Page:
While I rehearse and perform with my quartet, I can conduct my own Parachorus experiments. With advice and encouragement, my quartet members have helped me develop York’s performance etiquette. He lies at my feet throughout every three-hour rehearsal and transfers this behavior to our live performances. We are perfecting his position because he will accompany us on the competition stage in April. When we sing with York, my quartet and I can redesign the performance space and create new expectations.

No one should be surprised to see a disabled musician waiting to audition or perform. If disabled and nondisabled musicians can make music together onstage, they can make lives together offstage. I want to replace the skepticism of measurement with an invitation to imagine, to collaborate.

Article: Introducing my guide dog to the world of classical music

Today Minnesota Public Radio published my piece about York’s presence in my musical life:

“JACKSONVILLE, Fla. — It’s Tuesday evening, and after a four-week hiatus, I’m finally attending chorus rehearsal again — but I haven’t assumed my usual place on the risers. I’m seated toward the back of the hall, awaiting a cue from my director and trying to curtail the explorations of my new companion: an 18-month-old black Labrador.”

Read the full article here.

Music Lessons

Eleven years ago, I sat in a cold, hard folding chair, ready to meet my high school chorus director and fellow singers for the first time. Arranged in three concentric semicircles, the chairs faced a creaky metal music stand, a sturdy conducting platform, and a white board, designed to resemble a giant sheet of staff paper. Though I could not distinguish the neat black lines on the board, I knew they were there. My mobility instructor had described them when she oriented me to the room.

With two resounding thuds, a petite, compact person stepped onto the conducting platform. I could distinguish a dark blouse, and black pants. White cuffs and collar helped me find her hands and face. Her mouth resided somewhere beneath a head of bobbed gray-blond hair, but her voice could not be confined to that petite frame. It was huge, powerful, with a touch of gravel.

In a friendly, no-nonsense manner, she introduced herself as Mrs. B. She was prepared to teach us how to sing and read music. She was adamant to correct the school myth that her chorus class was an “easy A.”

“This may be an elective,” she declared, her voice intense and serious. “But you will work hard.”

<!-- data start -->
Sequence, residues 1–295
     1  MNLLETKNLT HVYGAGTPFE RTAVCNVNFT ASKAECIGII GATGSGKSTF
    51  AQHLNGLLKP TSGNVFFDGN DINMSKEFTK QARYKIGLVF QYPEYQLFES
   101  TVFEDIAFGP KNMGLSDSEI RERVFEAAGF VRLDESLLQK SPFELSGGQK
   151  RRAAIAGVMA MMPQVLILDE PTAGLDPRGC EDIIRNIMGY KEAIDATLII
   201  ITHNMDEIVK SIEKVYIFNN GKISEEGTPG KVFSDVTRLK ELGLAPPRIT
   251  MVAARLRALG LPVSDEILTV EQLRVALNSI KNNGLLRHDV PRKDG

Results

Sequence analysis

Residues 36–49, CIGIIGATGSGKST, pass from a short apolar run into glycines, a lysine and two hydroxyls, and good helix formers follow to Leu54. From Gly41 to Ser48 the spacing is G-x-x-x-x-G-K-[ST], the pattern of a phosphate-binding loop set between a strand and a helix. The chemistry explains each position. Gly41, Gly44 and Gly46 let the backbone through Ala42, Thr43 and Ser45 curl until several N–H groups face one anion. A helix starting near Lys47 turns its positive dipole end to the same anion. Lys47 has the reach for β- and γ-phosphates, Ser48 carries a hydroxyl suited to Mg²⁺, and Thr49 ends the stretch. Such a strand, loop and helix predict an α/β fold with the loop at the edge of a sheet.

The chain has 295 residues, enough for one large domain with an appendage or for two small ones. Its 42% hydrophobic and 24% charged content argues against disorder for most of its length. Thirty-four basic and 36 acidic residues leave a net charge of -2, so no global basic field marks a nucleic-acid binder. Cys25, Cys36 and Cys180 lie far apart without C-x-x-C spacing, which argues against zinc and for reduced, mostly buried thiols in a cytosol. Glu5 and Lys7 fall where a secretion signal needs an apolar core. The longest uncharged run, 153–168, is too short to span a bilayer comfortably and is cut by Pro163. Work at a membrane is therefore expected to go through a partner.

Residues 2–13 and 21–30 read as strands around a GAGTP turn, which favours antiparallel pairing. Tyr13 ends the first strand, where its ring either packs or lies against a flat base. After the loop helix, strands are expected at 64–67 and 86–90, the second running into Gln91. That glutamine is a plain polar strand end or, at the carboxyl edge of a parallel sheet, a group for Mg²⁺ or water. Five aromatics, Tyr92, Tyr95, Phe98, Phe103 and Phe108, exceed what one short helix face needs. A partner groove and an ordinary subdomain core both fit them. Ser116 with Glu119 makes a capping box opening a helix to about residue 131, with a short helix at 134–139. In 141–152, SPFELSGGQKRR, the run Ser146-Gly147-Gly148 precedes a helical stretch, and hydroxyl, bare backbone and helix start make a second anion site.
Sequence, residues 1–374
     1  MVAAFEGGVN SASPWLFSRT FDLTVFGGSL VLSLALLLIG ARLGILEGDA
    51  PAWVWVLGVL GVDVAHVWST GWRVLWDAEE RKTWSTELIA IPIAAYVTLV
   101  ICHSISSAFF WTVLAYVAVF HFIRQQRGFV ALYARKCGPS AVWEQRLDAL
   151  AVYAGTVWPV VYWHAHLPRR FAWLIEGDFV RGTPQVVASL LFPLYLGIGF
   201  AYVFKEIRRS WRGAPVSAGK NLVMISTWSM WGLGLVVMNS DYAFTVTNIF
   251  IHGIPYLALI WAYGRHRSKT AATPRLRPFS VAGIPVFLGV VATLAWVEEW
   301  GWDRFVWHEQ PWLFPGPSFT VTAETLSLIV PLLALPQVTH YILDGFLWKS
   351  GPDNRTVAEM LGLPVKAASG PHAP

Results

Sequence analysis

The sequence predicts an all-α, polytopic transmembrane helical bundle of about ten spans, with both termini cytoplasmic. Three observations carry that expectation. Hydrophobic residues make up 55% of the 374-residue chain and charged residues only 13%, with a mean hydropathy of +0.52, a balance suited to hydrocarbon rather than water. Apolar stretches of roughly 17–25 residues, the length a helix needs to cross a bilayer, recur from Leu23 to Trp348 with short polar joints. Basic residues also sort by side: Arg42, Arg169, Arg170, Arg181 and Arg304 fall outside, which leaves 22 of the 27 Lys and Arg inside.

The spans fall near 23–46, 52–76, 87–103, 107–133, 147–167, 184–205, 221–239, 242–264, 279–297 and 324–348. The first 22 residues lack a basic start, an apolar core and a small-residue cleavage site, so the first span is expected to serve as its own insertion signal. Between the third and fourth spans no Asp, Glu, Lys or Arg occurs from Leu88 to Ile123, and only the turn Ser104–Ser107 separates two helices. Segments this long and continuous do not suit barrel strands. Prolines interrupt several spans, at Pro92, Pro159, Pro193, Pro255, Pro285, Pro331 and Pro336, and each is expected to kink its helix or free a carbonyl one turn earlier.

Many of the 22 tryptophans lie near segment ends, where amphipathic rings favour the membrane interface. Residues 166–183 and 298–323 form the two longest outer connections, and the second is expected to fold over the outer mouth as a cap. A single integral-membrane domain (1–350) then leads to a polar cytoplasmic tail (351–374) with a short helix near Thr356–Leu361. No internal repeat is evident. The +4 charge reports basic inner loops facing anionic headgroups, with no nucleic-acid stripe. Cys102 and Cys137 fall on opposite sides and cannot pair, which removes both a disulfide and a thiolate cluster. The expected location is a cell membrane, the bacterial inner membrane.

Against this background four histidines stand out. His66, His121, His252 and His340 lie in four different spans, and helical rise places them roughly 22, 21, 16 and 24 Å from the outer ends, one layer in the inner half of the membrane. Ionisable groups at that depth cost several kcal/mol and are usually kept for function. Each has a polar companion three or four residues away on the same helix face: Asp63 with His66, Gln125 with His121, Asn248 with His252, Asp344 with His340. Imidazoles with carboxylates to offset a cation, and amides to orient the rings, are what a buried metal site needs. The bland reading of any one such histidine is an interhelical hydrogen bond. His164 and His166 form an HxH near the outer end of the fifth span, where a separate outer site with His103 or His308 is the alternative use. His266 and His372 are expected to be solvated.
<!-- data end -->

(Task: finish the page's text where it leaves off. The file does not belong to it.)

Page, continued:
Then she asked us about our previous musical experience. We were instructed to raise our hands if we’d had piano or voice lessons or played in a middle school band. At the mention of piano, my hand shot up. I was excited to prove myself, to show her that I was one step ahead of my peers.

“Well, forget all of that,” she insisted, waving a dismissive hand at our collective experience. “We’re all equals in this room. You may have had previous training, but your present dedication will earn my respect.”

In the next weeks, Mrs. B. introduced us to the basics of singing – posture, breathing, resonance, placement – all new concepts for me. Though I had years of experience singing in church and school choirs and performing in school musicals, I had never received formal training. Mrs. B. taught us to identify our vocal registers: head voice, mid-voice, and chest voice. She guided us through the dizzying stage of using our head voice for the first time. Because the head voice is a region of the voice where the air you breathe meets no resistance, your first tentative notes will make you lightheaded. It’s a new frontier for the novice singer.

Alongside vocal training, Mrs. B. led us through the rudiments of musical literacy. With my nose pressed against the pages of my thick chorus textbook, I learned to identify lines, spaces, measure lines, time signatures, and the other elements of musical notation. Mrs. B promised that we would become excellent sight-readers – able to glance at a piece of music and sing it with surprising accuracy.

I had my doubts about sight-reading. When I was learning piano, I was unable to visually track the musical line. If the music rested on the piano, I couldn’t read it. If I held the music close enough to read, I could only play piano one-handed. Luckily for me, using the voice left both hands free to hold the music – an inch from my face. I squinted at the bright white paper, where dark squat ovals of melody curved along the staff like tendrils of jasmine.

After months of sight-reading drills in class and furtive annotations at home, I began to parse the visual elements of written music with ease. I no longer had to count lines and spaces with a tentative finger or guess whether I was staring at a half rest or whole rest. I could not only read music – I could understand its theory, its rules of composition.

The musical instruction that Mrs. B. provided grew more valuable with time. I moved on to other choruses: an a cappella group (where I was required to read the bass line) and a fast-paced university chorale (where several soprano lines and foreign languages complicated the musical landscape). Her rigorous preparations ensured my success in these groups.

However, the most meaningful lessons I took from Mrs. B. were not related to music, though they occurred in a musician’s environment. They stand as bookends to my high school experience.

The first occurred within the early months of my freshman year. Our school was holding auditions for the musical Godspell, and, like any eager, hopeful freshman, I wanted to try out. With a few other friends from chorus, I practiced excerpts from the musical. I filled out the small audition form with my contact information and selected what kind of part I’d prefer. I stepped onstage in the cafeteria (this was well before my high school received a fully functioning theatre) and sang my excerpt.